Mrs Toh Siew Choo had planned to return to her home in Johor Baru on Sunday.
The 53-year-old, who was working as a nanny in Singapore, has not seen her family for more than six months.
But like many other Malaysians in Singapore, Mrs Toh quickly changed her plans after the Malaysian government announced this week that Malaysians returning from today will have to serve a 14-day quarantine at hotels or quarantine centres.
They will also have to bear the full cost of the stay.
Mrs Toh said: “I have been wanting to go back as I miss my family. I would usually have visited them every one or two months.
“I decided to go back earlier so that I can spend more time with them instead of staying at a faci-lity outside.”
Malaysians who returned by yesterday will still have to serve a quarantine, but they can do so at home, provided they test negative for Covid-19 upon arrival.
Several other Malaysians who spoke to The Straits Times outside the Woodlands Checkpoint yesterday afternoon said they wanted to avoid being quarantined at an external facility.
They had heard that the 14-day stay would cost them about RM150 (S$49) daily.
Pictures of long queues on the Causeway outside the Johor Baru checkpoint were uploaded on social media yesterday morning.
One set of pictures shows the queue snaking out onto the road in front of the checkpoint building.
Another photo taken at about 9.40am from a traffic camera in front of the building similarly shows a queue spilling onto the road.
When ST visited the Woodlands Checkpoint building at about 11.30am, a trickle of people entered the immigration area, but no queue was spotted inside.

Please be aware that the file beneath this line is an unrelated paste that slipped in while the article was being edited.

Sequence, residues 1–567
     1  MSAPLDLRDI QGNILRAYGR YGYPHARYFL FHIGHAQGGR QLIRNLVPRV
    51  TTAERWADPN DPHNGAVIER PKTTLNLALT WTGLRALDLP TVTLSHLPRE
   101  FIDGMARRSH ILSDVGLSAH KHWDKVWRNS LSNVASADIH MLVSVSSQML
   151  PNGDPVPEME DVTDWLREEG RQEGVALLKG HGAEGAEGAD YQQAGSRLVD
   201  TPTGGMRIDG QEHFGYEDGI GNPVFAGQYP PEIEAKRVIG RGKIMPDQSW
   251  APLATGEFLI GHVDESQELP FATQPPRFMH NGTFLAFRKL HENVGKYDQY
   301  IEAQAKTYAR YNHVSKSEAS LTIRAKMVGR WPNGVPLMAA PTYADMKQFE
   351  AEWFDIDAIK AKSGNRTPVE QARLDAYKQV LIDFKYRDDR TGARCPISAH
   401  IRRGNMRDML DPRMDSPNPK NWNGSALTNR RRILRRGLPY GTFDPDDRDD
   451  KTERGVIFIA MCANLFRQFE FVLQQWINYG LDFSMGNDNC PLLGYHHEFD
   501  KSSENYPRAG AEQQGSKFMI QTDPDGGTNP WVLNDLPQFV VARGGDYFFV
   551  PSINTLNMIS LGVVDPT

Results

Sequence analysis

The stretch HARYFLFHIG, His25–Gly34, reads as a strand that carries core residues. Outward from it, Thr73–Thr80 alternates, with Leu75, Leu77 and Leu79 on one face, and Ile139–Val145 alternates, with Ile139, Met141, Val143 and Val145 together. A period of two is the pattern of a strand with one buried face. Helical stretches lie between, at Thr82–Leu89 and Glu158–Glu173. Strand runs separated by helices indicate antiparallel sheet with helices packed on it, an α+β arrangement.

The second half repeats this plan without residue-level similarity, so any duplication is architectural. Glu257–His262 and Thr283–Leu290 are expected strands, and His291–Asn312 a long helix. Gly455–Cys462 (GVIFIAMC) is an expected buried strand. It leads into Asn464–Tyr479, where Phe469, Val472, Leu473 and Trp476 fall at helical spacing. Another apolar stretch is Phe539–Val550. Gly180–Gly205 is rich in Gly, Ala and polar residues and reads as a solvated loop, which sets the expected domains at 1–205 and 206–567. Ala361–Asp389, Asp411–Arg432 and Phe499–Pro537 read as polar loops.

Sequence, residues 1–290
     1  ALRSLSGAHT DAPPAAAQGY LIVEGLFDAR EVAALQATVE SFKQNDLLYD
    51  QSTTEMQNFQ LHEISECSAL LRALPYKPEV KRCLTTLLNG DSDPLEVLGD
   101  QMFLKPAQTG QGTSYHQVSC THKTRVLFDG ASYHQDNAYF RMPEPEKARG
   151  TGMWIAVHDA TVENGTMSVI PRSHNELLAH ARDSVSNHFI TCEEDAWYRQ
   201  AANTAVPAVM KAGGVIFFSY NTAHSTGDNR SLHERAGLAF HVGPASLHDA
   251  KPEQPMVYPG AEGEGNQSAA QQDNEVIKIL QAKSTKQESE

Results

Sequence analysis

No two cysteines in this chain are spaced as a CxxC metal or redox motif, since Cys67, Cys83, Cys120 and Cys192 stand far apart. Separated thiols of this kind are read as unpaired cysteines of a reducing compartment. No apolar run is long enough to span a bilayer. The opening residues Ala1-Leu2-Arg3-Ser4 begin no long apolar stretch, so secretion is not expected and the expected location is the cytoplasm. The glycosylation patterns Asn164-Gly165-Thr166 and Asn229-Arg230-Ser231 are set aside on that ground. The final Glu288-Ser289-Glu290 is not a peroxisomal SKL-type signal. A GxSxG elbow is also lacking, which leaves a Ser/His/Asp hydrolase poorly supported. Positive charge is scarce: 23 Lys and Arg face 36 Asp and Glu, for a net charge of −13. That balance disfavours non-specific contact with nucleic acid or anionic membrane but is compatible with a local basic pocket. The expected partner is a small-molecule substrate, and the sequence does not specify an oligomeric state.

Over a period of about three hours, about 30 people were seen dragging their luggage into the building.
Mr Krishna Murthy, 32, who works in the oil and gas industry, said he was glad he could make it back to Malaysia yesterday before the revised quarantine rules kicked in.
He had not seen his wife since he returned to Singapore for work following their wedding in February, but is now looking forward to spending some time with her.
“I applied for home leave to go back to see my family. I am still working in Singapore, and I will apply to come back when the Singapore-Malaysia green lane opens,” he said.
Meanwhile, two Malaysians who lost their jobs in Singapore and had trouble finding new ones said they decided to return earlier to avoid bearing the cost of staying at a designated quarantine facility.
Former forklift driver Bala Dinesh, 46, who worked in Singapore for 14 years, said: “I have no money and no place to stay in Singapore. How am I going to pay the RM2,000 needed to stay in a quarantine centre with no work?
“But even after I go home, paying the bills and finding work is still going to be a problem.”
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